This section is from the book "Text-Book On Domestic Art", by Carrie Crane Ingalls. Also available from Amazon: Textbook On Domestic Art: With Illustrations And Drafts.
Material: One-half yard silk or linen (of any color), cut square or rectangle to contain not less than 9 square inches of embroidery. These dimensions are given in correlation with the drawing department, where a pupil is obliged to make her own design. The equivalent should be figured, if a boughten design is to be worked.
The principle of this embroidery, is to learn to work with a fine needle and silk thread, and to blend shades and tints, illustrating flowers in their proper colors, or conventional designs that are pleasing and effective.
The amount of space to be covered, can be applied to any design suitable for filo, with an allowance of background, to suit bags, table covers, dresses, etc.
For shade work, use long and short stitch, as explained on embroidery sampler.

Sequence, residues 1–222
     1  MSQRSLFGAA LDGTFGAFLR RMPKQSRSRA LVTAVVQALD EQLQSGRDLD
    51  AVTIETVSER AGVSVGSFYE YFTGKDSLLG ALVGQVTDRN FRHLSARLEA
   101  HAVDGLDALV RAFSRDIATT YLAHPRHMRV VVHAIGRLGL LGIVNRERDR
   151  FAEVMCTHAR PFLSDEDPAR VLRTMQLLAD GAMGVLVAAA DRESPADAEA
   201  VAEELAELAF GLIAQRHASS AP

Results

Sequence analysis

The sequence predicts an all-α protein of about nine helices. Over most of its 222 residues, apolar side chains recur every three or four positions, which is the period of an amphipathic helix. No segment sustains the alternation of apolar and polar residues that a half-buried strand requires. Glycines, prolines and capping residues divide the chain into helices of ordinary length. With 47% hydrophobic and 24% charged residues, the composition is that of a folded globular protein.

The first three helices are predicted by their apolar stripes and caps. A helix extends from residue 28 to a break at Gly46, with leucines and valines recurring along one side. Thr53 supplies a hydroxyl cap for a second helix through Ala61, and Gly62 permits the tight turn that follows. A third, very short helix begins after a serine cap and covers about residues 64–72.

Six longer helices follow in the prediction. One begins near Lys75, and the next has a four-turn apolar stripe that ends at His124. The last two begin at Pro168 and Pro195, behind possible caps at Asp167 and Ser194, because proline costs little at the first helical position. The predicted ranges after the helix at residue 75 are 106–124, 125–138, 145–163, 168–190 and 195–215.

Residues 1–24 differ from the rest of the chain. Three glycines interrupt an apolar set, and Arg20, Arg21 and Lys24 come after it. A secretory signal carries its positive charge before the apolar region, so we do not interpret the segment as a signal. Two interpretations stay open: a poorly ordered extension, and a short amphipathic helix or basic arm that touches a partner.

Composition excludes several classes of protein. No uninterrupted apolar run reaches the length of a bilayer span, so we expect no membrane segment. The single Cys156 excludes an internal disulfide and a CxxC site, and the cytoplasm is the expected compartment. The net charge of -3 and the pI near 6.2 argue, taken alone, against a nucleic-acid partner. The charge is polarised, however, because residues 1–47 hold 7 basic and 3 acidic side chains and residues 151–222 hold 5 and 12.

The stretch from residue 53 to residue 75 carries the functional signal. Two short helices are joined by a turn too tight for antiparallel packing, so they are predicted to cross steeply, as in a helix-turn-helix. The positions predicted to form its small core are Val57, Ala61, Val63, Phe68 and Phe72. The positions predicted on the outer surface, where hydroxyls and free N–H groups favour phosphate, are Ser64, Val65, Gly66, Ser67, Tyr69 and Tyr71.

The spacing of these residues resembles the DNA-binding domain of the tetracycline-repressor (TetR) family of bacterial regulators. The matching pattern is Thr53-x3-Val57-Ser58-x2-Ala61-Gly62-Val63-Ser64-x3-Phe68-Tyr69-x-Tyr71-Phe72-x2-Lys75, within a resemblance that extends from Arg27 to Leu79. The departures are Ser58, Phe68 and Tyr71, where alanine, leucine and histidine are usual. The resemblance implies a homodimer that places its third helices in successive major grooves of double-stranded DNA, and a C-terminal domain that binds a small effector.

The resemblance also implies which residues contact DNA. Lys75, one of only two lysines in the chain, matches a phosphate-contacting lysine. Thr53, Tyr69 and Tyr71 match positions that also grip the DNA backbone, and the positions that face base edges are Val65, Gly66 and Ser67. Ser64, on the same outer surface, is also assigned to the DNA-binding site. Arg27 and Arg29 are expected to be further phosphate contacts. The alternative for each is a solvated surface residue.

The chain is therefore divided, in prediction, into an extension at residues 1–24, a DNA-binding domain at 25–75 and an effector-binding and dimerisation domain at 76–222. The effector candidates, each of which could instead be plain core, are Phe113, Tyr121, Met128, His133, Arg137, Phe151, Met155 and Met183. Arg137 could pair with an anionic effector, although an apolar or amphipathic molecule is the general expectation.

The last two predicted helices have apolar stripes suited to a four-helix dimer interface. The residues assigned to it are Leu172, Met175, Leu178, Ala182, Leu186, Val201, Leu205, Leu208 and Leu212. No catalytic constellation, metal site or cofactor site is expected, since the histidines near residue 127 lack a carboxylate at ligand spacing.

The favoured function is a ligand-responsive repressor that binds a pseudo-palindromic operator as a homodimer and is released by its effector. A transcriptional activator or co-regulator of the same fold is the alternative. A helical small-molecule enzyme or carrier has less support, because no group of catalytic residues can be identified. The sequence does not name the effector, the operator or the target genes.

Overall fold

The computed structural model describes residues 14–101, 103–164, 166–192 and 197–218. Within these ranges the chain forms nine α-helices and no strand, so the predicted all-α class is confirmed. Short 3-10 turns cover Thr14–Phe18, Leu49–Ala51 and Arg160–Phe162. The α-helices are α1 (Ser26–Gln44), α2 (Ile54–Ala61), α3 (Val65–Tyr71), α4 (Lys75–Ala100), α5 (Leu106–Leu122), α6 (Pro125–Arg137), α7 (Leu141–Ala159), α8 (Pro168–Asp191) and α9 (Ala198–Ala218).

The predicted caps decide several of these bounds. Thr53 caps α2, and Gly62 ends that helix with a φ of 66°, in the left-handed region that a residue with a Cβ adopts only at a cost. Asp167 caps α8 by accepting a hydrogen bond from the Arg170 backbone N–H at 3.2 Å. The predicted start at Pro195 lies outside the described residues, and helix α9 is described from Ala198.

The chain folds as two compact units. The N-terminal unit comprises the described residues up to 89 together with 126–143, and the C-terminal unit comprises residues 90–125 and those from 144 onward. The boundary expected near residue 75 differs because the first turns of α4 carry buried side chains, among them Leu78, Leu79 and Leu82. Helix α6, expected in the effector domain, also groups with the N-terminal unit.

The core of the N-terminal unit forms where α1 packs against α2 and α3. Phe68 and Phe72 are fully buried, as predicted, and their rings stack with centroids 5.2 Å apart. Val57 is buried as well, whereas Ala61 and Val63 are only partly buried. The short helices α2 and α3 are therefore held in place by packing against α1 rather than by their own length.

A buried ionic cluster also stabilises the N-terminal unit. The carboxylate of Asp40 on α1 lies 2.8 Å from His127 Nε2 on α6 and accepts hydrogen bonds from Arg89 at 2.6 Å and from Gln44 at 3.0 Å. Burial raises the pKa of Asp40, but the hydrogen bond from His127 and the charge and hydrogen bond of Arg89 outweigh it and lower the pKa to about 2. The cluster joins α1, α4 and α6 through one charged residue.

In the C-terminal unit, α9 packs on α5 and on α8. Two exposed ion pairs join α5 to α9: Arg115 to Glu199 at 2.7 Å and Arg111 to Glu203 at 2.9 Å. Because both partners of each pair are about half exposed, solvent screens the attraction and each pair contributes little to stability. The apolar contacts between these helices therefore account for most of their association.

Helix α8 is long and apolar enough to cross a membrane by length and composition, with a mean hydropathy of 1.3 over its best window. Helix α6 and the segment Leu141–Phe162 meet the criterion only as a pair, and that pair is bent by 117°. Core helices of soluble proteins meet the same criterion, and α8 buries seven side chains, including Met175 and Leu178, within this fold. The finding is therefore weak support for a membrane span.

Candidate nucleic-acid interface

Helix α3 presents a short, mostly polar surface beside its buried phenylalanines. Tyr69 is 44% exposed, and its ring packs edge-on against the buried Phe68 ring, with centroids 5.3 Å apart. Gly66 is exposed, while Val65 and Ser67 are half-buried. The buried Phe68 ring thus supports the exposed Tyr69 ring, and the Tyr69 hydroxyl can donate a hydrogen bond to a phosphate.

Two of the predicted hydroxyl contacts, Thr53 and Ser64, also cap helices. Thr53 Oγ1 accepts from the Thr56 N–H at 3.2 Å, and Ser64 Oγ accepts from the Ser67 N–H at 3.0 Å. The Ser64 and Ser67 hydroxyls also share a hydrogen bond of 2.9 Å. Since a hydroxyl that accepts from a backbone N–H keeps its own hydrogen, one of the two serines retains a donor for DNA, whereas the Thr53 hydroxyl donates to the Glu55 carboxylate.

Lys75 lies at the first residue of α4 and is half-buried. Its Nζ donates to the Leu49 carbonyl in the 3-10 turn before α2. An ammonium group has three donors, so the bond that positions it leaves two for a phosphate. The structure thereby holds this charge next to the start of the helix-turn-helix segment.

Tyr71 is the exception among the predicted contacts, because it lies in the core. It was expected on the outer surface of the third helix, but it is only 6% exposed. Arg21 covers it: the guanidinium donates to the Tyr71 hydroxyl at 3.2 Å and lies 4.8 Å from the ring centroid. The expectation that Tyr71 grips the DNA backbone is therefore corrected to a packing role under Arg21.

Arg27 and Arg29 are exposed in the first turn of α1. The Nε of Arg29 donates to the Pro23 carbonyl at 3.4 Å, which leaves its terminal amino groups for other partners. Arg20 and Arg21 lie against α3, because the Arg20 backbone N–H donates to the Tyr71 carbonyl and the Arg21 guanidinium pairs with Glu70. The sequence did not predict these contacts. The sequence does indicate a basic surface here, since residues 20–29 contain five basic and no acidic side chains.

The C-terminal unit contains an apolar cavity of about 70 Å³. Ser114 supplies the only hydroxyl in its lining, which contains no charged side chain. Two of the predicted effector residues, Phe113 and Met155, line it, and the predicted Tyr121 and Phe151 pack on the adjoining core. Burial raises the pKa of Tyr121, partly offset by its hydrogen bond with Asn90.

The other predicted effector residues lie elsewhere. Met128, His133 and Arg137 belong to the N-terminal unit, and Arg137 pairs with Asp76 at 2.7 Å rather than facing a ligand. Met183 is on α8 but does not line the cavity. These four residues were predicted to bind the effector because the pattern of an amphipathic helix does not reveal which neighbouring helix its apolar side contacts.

Centers of flowers are worked in French knots.
Stems and outlines in the Crewel stitch.
To choose the proper silks, match or contrast them well with the background.
For school, shade cards will be gladly furnished by leading manufacturers or stores, and the silks are ordered by their shade number.
When only 3 or 4 shades of one color are used, do not make the degree of shade too great, as it prevents proper blending.
For flower designs, study or procure the live flower if possible, or if worked from painting, match colors to samples on shade card.
For strong effects, pad the design, before filling.
An edge is also well defined, if worked heavier, or with the double strands of filo.